Regulatory Policy: The real-world impact of a long-term research effort
Rather than focusing on immediate policy problems, the Tobin Project aims to generate cutting-edge research that will expand available knowledge for tackling major challenges both now and in years to come. In 2007, at a time when economic regulation was not a focus of public debate, the Tobin Project launched a research effort to better understand how regulation might serve the public good. Critical policy decisions, especially following the financial crisis of 2007-2009, have been informed by this work. In 2010, Tobin-seeded research contributed to key elements of the Dodd-Frank Wall Street Reform and Consumer Protection Act, and in 2011, Tobin Project research helped shape both the Administration’s approach to regulatory review and its response to the oil spill crisis, detailed below.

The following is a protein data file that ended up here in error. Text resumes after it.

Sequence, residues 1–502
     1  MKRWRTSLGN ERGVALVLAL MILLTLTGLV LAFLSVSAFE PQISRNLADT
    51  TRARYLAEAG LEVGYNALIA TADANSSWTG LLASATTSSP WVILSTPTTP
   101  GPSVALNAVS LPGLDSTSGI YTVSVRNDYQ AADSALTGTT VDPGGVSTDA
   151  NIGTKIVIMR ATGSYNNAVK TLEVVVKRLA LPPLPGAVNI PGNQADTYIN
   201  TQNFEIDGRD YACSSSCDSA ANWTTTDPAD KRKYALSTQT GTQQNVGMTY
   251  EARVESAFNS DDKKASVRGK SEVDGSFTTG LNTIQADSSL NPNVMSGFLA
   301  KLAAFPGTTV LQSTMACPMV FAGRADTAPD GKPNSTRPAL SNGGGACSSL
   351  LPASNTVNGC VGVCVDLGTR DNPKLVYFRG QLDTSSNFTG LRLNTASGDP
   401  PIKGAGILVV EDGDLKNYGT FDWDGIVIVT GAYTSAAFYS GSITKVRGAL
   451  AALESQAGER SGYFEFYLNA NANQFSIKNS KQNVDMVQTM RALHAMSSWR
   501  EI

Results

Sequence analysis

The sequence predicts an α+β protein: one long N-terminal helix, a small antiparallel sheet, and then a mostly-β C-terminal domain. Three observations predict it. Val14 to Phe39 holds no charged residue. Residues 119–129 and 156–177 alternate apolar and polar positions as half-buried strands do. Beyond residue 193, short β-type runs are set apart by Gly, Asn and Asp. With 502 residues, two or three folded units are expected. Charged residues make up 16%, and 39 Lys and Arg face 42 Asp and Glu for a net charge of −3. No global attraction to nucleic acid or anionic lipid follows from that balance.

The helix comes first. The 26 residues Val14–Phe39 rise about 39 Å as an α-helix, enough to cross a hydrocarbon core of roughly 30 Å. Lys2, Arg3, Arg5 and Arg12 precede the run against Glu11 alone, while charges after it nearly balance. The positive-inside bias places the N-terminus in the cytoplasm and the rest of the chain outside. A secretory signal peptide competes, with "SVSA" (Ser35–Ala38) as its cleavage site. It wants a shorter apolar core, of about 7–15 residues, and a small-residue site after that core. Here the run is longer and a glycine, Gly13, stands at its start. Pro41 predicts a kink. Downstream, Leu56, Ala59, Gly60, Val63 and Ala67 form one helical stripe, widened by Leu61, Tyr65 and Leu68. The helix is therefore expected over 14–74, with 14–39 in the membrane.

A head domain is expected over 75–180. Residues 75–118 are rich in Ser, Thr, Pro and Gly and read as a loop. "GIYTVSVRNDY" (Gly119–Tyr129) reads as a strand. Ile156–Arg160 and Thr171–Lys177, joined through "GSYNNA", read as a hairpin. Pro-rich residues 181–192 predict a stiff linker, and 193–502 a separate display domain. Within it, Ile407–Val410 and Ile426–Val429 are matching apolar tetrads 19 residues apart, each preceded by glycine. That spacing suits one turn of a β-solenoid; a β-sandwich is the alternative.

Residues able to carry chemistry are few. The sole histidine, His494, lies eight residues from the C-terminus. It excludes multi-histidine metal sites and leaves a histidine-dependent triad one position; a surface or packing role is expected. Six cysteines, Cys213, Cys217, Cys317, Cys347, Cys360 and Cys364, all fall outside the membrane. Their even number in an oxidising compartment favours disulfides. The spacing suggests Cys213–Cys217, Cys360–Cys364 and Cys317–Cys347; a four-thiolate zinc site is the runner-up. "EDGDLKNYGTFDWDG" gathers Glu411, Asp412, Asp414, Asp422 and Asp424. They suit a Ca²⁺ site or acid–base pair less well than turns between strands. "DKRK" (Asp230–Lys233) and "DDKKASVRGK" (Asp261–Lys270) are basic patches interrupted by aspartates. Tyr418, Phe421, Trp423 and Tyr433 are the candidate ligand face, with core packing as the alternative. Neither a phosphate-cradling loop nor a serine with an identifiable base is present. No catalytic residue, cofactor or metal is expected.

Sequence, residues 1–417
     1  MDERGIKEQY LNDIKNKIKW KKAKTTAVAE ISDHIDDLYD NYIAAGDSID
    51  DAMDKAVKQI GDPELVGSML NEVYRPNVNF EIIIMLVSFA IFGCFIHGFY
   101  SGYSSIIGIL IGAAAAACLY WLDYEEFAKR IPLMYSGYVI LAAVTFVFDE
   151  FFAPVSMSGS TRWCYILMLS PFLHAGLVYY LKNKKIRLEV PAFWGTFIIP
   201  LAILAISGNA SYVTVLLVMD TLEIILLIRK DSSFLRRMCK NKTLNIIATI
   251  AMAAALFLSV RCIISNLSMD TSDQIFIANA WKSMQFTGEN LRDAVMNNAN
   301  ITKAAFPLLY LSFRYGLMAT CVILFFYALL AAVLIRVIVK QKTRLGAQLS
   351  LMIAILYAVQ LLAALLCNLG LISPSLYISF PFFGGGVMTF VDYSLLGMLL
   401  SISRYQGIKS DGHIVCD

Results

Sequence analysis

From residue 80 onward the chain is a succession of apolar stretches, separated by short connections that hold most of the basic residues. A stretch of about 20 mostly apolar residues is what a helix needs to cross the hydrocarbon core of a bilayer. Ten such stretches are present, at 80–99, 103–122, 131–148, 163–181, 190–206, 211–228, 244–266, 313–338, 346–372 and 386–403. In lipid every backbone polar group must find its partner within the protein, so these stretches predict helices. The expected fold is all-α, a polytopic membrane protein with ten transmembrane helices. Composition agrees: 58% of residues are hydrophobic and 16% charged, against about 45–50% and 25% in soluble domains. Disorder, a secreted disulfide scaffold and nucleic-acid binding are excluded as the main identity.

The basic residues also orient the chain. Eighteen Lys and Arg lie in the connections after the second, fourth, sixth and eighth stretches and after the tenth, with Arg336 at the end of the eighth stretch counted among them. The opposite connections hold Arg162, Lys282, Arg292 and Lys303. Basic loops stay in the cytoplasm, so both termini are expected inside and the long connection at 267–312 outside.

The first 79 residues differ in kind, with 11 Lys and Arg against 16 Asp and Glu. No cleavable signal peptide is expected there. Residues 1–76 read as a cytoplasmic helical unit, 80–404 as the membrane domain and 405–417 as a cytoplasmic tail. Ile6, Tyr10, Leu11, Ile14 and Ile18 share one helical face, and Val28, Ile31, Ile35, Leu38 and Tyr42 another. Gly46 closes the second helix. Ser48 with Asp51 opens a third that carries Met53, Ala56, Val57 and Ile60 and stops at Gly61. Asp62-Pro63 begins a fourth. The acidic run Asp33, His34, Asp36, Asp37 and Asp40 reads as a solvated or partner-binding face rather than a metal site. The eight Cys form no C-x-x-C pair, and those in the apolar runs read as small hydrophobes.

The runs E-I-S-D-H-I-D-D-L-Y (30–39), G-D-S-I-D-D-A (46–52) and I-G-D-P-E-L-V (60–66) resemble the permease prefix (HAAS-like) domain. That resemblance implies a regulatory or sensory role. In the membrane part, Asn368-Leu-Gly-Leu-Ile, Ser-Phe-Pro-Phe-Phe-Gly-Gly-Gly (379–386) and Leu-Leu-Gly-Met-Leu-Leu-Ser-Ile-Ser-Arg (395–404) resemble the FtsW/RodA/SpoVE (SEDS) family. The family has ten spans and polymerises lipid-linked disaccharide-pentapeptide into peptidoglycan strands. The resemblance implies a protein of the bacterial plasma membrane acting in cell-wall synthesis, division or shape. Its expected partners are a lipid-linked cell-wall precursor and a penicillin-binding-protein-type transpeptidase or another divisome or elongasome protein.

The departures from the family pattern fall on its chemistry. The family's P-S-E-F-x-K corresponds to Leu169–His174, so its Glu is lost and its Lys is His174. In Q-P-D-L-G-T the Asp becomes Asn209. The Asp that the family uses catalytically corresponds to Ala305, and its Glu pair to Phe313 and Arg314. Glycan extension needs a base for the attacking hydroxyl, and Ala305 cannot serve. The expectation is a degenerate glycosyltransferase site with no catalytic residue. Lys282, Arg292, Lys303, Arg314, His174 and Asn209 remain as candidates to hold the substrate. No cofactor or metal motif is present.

February 2008: Professors Michael Greenstone (MIT, Economics) and Ed Balleisen (Duke University, History) write academic papers for the Tobin Project’s 2008 Government & Markets conference, offering ways to improve regulation.
Michael Greenstone (MIT, Economics) and Ed Balleisen (Duke University, History) write academic papers for the Tobin Project’s 2008 Government & Markets conference. Professor Greenstone argues that even popular regulatory policies must be tested retrospectively to ensure that the benefits outweigh the costs. Professor Balleisen draws lessons from history to examine how co-regulation involving both industry and government oversight can be effective. The Tobin Project encourages revision and editing for publication in an edited academic volume: Government & Markets: Toward a New Theory of Regulation (Cambridge University Press, 2010).
December 2008: The Tobin Project convenes a group of leading scholars, including Professors Greenstone and Balleisen, to contribute to a compendium for policymakers, New Perspectives on Regulation (Tobin Project, 2009).